Support » Everything else WordPress » SEO: You’d be crazy if you didn’t _____

  • Matt


    You’d be crazy if you didn’t…

    1) install and configure SEO plugin
    2) make sure your domain is in Technorati
    3) turn on “friendly” permalinks

    I’m talking technical WordPress things, not advice like “write often” or “tag posts” etc.

    What else? What do you do?

Viewing 7 replies - 1 through 7 (of 7 total)
  • Moderator Samuel Wood (Otto)

    (@otto42) Admin

    I don’t use any sort of SEO plugin, I just modified my own theme to include all the bit I wanted. I suppose those plugins are quicker, but they’re less precise, in my experience.

    IMO, Technorati sucks. Big time. It never works properly, and it’s basically useless when it is working. Don’t bother.

    Pretty permalinks are nice, but I don’t think they help SEO in particular. Maybe a little, but very little.

    The most important thing of all:
    No question about it. Valid sites get such a huge boost it is unbelievable. Valid sites parse easier, index better, and generally work better all around.

    If you’re “close” to valid, then that’s okay too… but if it is possible to fix a validation problem, then do it. It can’t always be done though. Imagemaps are a problem (there’s no valid way that works in all cases for them), and I use the embed tag in XHTML because it works better on certain browsers, but other than that, all my sites are wholly valid.

    Second biggest thing you can do: Use semantic markup. Headers should be in H1-H6’s, not styled DIV’s or P’s. Main text should be in P’s. Lists of things should be in UL or OL’s (and a sidebar of boxes is a LIST, even if you don’t think it is… So is a navigation bar going horizontally… describe the items, worry about positioning them correctly later). That sort of thing. Stuff works way better when you use tags for what they were meant for.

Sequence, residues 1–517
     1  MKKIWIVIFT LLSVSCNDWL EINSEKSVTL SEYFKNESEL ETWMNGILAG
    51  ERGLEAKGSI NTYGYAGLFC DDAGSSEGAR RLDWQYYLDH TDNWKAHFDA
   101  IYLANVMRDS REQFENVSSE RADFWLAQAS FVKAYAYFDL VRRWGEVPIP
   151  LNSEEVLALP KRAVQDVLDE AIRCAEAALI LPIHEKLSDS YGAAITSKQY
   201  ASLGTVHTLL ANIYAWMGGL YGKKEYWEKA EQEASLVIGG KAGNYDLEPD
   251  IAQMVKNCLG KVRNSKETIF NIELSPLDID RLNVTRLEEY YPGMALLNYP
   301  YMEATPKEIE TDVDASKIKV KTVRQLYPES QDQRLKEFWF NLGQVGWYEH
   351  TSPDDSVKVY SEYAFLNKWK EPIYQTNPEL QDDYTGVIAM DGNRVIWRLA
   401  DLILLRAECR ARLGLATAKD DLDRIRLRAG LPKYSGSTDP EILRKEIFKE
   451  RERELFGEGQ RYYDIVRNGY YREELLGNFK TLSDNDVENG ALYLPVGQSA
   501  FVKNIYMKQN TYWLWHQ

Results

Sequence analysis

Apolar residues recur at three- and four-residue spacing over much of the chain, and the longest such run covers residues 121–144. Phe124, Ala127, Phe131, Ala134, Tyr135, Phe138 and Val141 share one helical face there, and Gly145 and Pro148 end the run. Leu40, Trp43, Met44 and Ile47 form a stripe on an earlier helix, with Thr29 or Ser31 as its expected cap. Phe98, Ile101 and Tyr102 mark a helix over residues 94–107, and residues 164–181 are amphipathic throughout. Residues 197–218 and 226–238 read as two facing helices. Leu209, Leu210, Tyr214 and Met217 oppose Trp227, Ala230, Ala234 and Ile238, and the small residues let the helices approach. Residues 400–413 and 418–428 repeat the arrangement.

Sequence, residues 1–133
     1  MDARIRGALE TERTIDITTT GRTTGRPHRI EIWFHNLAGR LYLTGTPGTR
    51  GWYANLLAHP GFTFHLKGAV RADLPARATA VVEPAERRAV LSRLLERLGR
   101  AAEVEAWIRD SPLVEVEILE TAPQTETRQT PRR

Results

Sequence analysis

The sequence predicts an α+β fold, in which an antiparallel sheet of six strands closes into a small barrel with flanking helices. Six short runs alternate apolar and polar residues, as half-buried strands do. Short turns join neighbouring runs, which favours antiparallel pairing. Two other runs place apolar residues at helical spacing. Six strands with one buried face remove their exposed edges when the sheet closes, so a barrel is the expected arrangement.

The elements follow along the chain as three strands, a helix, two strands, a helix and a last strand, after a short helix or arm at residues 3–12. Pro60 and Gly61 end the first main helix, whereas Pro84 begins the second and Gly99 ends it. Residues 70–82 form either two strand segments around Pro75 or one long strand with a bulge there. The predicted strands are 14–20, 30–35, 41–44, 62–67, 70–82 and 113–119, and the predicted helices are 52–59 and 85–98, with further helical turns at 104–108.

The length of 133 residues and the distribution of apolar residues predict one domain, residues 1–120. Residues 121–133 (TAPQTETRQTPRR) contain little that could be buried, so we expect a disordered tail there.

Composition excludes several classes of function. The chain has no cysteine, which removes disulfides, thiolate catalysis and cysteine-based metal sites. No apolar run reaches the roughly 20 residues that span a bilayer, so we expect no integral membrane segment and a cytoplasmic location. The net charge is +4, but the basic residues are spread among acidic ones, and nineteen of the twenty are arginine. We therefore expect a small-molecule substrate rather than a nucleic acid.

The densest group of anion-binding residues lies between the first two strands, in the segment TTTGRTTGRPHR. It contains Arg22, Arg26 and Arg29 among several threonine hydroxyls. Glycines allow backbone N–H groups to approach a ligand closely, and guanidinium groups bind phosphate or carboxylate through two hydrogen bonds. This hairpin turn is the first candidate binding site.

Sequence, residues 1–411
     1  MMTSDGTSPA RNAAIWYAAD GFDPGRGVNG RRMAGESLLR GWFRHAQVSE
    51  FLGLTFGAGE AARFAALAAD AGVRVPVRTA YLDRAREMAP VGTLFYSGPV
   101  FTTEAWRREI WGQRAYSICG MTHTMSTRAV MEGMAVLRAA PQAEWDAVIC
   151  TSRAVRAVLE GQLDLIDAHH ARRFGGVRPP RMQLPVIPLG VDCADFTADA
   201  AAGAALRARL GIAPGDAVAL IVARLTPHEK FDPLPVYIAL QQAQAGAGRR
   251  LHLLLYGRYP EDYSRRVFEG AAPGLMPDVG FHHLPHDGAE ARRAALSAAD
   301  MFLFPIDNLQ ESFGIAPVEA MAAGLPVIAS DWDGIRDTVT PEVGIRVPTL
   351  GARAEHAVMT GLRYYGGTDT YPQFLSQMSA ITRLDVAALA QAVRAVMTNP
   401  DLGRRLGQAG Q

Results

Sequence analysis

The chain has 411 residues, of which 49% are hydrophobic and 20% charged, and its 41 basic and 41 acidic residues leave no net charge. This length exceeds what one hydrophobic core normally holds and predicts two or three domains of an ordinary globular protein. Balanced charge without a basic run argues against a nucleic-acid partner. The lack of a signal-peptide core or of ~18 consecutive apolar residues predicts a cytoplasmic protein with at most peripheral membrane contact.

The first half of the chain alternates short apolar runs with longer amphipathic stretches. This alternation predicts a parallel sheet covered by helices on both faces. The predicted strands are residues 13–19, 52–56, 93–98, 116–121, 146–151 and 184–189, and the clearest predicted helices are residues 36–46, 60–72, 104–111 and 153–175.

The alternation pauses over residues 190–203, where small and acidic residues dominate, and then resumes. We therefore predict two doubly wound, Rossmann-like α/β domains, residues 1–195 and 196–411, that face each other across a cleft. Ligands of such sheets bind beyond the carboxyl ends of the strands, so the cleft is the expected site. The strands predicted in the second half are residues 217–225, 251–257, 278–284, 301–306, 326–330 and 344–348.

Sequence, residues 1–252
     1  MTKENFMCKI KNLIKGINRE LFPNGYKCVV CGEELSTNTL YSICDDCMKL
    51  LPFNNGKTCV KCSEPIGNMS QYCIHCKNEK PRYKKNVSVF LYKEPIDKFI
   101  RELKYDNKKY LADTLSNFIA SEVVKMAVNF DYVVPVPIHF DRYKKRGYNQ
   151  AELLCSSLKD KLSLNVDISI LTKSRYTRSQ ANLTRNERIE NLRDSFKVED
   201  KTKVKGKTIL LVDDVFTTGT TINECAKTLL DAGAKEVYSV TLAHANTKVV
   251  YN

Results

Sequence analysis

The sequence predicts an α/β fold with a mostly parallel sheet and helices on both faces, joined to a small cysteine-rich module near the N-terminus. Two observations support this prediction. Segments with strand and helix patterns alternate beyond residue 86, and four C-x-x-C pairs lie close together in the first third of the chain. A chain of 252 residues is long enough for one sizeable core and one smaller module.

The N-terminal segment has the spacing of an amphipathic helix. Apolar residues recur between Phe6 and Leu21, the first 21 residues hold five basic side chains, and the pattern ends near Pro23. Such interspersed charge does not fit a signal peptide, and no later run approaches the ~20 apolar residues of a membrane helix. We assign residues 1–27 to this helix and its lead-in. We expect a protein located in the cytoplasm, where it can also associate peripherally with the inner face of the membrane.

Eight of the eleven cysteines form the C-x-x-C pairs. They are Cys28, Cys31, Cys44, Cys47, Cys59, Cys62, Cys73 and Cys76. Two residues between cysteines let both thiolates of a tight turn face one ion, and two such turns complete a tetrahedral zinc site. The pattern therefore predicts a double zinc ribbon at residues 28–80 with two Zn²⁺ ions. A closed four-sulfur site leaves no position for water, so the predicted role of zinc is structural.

A corollary of this is: If you want to change how something looks, then you edit the CSS. If you ever edit the HTML to change the LOOK of the page, then you’re doing it wrong. Hell, if you use *style* attributes anywhere in the HTML, then you’re probably doing it wrong (certain exceptions are okay). If you have class names like “red” or “bold” or even “center”, then you’re doing it wrong.

    The (X)HTML markup should make total sense without any styling applied to it at all. Every classname, every id should identify the thing it contains, not anything *about* the thing it contains. Save the looks for the stylesheets.

    Third most important thing: Have good original content. Only you can write content. Do it well.

    Do those right, and you’re well on your way to high pagerank.



    Thanks Otto. Didn’t know validating pages were so important.



    Almost forgot: Google XML Sitemaps by Arne Brachhold

    Google (XML) Sitemaps Generator for WordPress

    Great plugin, one of the most useful I’ve used.



    Almost forgot: Google XML Sitemaps by Arne Brachhold

    Got a question on that one.

    It creates a robots.txt file that redirects to the XML sitemap.


    I see a lot of discussion on the web about all the nofollows and whatnot that should be in the robots.txt file. But since there’s now a redirect to the XML sitemap, is that all that is needed? Aren’t I only concerned with making sure the sitemap only includes those pages I WANT crawled, rather than modifiying robots.txt to say what I don’t?





    MBW, AFAIK, you can ignore your concern as long as you don’t have pages you want excluded.

    If you do have pages you want excluded, I’m sure there’s a way to have both a sitemap XML file and a robots.txt file. I would guess that you’d take the redirect out of robots.txt, put the requisite exclude code in, and sign up for a Google Webmaster account and manually point the XML sitemap pick up to your sitemap URL.

    Oddly, I don’t have a robots.txt file as part of my Google XML Sitemaps install, or otherwise.

    Third most important thing: Have good original content. Only you can write content. Do it well.

    I absolutely hate sites like Technorati. Most of what you come across are links to the same articles scraped and rehashed over and over again. One person goes to the trouble of creating something original, then hundreds or thousands of parasitic bloggers link to it to draw traffic to their own sites.

    You’d be crazy if you don’t:

    Add the Sociable plug in .

    This plug-in makes it so easy for people visiting your blog to add it to their Facebook/Myspace/etc. pages.

    While people can easily post the address of your link to their FB/MS/etc. page, not everyone knows how to, or they may post the link to your blog, rather than to the post. And having the icons at the bottom of each post is a nice reminder “Hey, tell your friends about this.”

Viewing 7 replies - 1 through 7 (of 7 total)
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